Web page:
“He’s comin’ ’round,” said Johnny peering down into the white face in the aureole of lantern-light. “The rain in his face likely. . . . Well, young fellow, what do you think of yourself, eh?”
“Not much,” said Philip blankly and stared about him.
“Can you follow us to the camp fire yonder?” asked Diane compassionately.
Philip, though evidently very dizzy, thought likely he could, and he did. That his shoulder was wet and very painful, he was well aware, though somehow he had forgotten why. Moreover, his head throbbed queerly.
There came a tent and a bed and a blur of incidents.
Mr. Poynter dazedly resigned himself to a general atmosphere of unreality.
ON THE RIDGE ROAD
At the Westfall farm as the electric vanguard of the storm flashed brightly over the valley, the telephone had tinkled. In considerable distress of mind Aunt Agatha answered it.
“I—I’m sure I don’t know when he will be home,” she said helplessly after a while. . . . “He went barely a minute ago and very foolish too, I said, with the storm coming. . . . At dinner he spoke some of going to the camp—Miss Westfall’s camp. . . . I—I really don’t know. . . . I wish I did but I don’t.”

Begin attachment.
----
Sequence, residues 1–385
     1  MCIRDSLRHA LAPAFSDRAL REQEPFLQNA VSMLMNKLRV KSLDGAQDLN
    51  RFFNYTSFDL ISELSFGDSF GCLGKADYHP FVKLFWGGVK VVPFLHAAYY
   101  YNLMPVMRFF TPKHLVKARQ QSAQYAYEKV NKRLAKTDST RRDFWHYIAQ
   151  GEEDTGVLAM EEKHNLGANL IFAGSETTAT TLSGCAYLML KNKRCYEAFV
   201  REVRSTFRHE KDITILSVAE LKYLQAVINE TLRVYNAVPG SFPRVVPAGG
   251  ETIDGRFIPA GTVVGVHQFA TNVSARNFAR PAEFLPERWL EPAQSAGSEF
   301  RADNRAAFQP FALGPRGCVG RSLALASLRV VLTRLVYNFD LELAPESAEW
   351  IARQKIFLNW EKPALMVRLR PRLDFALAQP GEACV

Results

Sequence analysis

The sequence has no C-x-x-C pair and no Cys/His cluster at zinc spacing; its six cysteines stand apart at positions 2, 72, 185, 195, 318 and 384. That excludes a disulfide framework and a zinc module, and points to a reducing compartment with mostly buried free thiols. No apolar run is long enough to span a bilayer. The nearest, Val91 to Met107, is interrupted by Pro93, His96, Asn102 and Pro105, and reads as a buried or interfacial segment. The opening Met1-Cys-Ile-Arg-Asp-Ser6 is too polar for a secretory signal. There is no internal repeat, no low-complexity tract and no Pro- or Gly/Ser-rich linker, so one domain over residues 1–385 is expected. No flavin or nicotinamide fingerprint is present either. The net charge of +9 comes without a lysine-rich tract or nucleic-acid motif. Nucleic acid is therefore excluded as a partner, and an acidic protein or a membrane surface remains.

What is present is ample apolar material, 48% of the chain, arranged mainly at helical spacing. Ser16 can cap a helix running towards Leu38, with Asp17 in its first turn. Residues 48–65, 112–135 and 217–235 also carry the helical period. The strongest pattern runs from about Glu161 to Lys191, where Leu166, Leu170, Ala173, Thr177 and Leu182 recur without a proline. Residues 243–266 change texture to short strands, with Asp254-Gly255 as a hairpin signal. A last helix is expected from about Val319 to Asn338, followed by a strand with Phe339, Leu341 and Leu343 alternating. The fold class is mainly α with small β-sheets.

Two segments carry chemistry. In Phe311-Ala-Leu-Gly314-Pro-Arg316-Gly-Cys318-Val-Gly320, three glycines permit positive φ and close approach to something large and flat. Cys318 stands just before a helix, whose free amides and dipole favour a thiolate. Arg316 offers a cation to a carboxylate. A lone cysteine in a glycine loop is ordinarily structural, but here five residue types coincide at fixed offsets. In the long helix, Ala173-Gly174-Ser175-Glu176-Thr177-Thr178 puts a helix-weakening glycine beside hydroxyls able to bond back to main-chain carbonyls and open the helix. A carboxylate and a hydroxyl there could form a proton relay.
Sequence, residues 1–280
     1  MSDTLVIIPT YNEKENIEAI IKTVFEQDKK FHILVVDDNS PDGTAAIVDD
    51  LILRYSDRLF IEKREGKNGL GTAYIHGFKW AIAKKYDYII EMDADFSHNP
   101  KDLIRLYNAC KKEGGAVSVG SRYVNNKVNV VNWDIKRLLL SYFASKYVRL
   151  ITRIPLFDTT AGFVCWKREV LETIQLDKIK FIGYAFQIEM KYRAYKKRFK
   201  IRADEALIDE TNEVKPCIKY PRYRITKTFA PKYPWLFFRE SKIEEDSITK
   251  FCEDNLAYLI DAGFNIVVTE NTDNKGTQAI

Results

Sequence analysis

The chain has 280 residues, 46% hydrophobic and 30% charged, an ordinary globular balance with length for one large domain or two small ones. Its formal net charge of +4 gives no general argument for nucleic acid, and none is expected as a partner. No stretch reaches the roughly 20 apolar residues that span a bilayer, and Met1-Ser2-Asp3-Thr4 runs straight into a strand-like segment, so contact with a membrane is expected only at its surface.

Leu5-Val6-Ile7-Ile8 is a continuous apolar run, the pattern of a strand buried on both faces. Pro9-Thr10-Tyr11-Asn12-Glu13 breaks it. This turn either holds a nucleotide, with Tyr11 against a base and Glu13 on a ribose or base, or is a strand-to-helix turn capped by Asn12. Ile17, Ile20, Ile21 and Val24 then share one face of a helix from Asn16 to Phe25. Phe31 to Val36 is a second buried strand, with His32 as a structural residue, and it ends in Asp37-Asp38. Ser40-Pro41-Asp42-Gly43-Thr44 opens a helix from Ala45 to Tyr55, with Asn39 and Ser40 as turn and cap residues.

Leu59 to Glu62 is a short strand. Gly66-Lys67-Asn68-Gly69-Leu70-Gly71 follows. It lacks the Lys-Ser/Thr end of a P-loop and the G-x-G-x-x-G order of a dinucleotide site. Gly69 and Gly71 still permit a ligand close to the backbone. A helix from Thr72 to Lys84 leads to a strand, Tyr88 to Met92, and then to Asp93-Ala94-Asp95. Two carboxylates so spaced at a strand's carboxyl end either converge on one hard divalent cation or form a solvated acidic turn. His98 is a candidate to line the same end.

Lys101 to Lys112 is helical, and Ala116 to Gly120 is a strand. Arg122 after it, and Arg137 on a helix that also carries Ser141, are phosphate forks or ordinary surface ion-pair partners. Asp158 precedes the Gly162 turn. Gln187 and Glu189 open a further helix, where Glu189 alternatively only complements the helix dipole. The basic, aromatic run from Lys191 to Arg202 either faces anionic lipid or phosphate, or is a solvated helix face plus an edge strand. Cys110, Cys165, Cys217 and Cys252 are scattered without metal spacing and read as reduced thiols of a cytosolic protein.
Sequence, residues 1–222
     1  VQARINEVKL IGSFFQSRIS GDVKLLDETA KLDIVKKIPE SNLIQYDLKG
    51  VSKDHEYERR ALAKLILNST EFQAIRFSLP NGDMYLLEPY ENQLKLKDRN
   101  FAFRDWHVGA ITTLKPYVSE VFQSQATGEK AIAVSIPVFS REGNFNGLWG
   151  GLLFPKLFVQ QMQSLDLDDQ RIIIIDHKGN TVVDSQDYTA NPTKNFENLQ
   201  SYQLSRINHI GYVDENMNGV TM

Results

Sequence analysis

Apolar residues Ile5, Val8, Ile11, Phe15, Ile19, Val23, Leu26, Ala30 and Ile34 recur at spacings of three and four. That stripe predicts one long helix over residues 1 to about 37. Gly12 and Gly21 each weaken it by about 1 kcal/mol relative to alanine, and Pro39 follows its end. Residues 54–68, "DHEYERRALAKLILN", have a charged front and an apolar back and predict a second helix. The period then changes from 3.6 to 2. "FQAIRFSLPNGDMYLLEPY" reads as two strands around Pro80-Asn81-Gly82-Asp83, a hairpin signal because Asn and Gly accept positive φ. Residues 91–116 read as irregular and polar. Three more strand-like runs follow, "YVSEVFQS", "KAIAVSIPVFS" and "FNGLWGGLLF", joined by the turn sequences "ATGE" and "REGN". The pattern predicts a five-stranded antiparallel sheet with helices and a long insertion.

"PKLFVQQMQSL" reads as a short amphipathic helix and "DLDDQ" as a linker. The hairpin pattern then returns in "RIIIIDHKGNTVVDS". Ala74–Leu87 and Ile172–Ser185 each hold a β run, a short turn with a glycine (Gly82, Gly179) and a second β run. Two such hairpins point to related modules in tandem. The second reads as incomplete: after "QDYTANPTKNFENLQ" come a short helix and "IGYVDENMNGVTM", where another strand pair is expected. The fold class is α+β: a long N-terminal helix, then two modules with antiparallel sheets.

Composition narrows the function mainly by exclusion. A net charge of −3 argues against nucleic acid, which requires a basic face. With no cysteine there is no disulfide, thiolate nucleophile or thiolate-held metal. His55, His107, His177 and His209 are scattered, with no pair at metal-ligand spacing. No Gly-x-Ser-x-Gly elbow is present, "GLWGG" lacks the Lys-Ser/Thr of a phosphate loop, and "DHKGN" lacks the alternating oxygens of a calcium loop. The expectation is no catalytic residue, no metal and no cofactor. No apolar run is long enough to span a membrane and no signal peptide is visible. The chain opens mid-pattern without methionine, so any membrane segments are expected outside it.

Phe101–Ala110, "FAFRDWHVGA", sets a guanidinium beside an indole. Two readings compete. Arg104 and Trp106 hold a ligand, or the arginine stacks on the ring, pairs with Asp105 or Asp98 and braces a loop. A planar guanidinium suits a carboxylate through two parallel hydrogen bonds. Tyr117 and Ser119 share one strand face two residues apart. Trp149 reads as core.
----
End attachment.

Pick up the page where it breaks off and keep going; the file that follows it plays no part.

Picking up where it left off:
The lightning blazed at the window and left it black. Beyond in the lane, a car with glaring headlights was rolling rapidly toward the gateway. Aunt Agatha hung up with an aggrieved sniff.
Catching the reflection of the headlights she hurried to the window.
“Carl! Carl!” she called through the noise of wind and thunder.
The car came to a halt with a grinding shudder of brakes.
“Yes?” said Carl patiently. “What is it, Aunt Agatha?”
“Dick Sherrill phoned,” said his aunt plaintively. “I thought you’d gone. He wanted you to come up and play bridge. Oh, Carl, I—I do wish you wouldn’t motor about in a thunder shower. I once knew a man—such a nice, quiet fellow too—and very domestic in his habits—but he would ramble about and the lightning tore his collar off and printed a picture of a tree on his spine. Think of that!”
Carl laughed. He was raincoated and hatless.
“An arboreal spine!” said he, rolling on. “Lord, Aunt Agatha, that was tough! Moral—don’t be domestic!”
“Carl!” quavered his aunt tearfully.
Again, throbbing like a giant heart in the darkness, the car halted. Carl tossed his hair back from his forehead with a smothered groan, but said nothing. He was always kinder and less impatient to Aunt Agatha in a careless way than Diane.
“Will you take Diane an extra raincoat and rubbers?” appealed Aunt Agatha pathetically. “Like as not the pockets of the other are full of bugs and things.”
“Aunt Agatha,” grumbled Carl kindly, “why fuss so? Diane’s equipped with nerve and grit and independence enough to look out for herself.”